Cai Samphire: Film Review

Twelfth Night by Trevor Nunn is a highly enjoyable adaption of the play. Throughout the entire film, the idea of gender role reversals and the hi-jinx that comes with it is never forgotten, along with the small hints of dramatic irony in the entire film. A lot of the strengths in Nunn’s adaption come from the use of sound. Dialogue is never lost in the scenes, and there were a few instances of song which bridged awkward gaps or helped establish character. For example, take the scene where Feste is singing O Mistress Mine.

The way that the scene is laid out is fairly expressive of the entire movie. Everything before this scene was setting up the relationships and characters. It is this scene that really sets the tone and begins the hi-jinx in the movie. Cutting between Olivia and Orsino’s court, there is a musical bridge between the entire scene. Originally sung by Feste (and sung by him in every clip at Olivia’s estate), the song still continues at Orsino’s court. The difference between the two courts are the instrumentation, with one being accordion and the other piano respectively. Yet both of these instruments play well to the emotions presented by the lyrics and what we’ve seen of the characters emotions. For the main three at this time, being Viola, Olivia and Orsino, the song helps solidify their emotions towards each other. Yet the song also provides a chance to expand on the secondary characters and the B plot, particularly highlighting the as of-yet unknown feelings between Sir Toby and Maria. This is particularly highlighted in the last quatre (around the three minute mark), when Maria joins Feste in singing. I generally found that it was this scene that the rest of the movie was based on, solely for how it feels and how it interacts with the characters, helping to highlight the awkward love triangle, but doing nothing to solve it.

This situation is wonderfully shown through the entire movie. Every scene is created to either showcase the awkward love affair between the members of both courts, or to taunt and tease the viewers through dramatic irony. In making use of what is particularly helpful through film, there are a few key moments where what would normally be said aloud was put into voice over.

Take the scene about. While the poster cut out a few shots in certain areas, the clip still serves to highlight what is important about the dialogue. In two different instances, the dialogue is cut out from the normal and is linked to enhance a meaning through montage. The first is around the thirty second mark, where Olivia is shown to be elated and happy for the first time in months through the use of voice over, allowing her to show facial expressions where otherwise dialogue would have been needed. Around the one minute mark, the same thing happens, only this time Viola is the speaker, and the text highlights her empathy towards loving someone who cannot reciprocate the feelings, cutting to Olivia sleeping. This happens a few more times in the film, and it’s a strength that the film has over a traditional theatre approach. And it is this feeling that the whole movie hinges on.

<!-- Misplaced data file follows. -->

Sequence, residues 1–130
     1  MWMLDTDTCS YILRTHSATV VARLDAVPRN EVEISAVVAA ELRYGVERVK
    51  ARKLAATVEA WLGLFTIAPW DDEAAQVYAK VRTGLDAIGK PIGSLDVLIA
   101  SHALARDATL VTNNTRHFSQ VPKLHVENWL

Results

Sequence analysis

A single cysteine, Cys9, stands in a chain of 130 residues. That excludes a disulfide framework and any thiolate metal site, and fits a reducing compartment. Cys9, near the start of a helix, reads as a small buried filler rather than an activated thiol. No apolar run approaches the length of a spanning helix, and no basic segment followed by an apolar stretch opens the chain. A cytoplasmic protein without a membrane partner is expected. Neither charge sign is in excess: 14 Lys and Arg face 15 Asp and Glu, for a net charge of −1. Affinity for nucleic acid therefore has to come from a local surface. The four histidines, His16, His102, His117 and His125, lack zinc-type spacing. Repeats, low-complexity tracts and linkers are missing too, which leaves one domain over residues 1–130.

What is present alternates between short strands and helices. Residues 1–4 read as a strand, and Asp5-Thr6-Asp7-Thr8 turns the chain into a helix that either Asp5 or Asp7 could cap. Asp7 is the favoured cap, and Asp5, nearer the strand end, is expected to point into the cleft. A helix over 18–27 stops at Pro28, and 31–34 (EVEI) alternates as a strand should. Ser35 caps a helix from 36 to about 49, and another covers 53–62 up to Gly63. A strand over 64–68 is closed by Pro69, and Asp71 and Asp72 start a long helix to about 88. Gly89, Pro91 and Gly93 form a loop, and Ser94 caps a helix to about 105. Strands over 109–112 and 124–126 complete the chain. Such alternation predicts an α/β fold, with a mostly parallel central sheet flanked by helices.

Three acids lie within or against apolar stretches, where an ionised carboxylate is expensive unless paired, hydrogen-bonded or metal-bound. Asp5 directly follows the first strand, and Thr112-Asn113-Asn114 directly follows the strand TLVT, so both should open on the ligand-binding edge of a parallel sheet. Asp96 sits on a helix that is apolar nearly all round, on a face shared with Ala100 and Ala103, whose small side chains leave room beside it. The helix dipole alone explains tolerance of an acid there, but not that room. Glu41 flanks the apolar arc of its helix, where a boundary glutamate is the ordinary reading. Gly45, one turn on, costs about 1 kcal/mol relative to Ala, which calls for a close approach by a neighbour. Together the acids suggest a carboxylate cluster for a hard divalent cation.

Take this scene, where Orsino and Viola are listening to Feste. In a normal situation this wouldn’t be an issue, but because of the secrets being kept, the scene it is suspenseful for the viewers. It is made even worse through good use of camera work, started with a medium shot and slowly working to a close up by the end. This slowly increases the intimacy of the scene for the viewers, suggestion the same feelings to us as are being portrayed on screen by Viola. This is juxtaposed by the cuts to Feste and his look of almost confusion by the goings on.

This version of Twelfth Night is a highly entertaining use of ones times. Every decision made is made with the express intent on making the gender dynamics of the movie more defined and the to highlight the absurdity of it all. While there is a B plot in what goes on with Malvolio, Sir Toby and Maria, even that helps to highlight the intensity of loving those who you must. Ever small detail in accounted for, with a large portion of the film providing foreshadowing and dramatic irony to the viewers. It is a cleverly done film well worth the watch.

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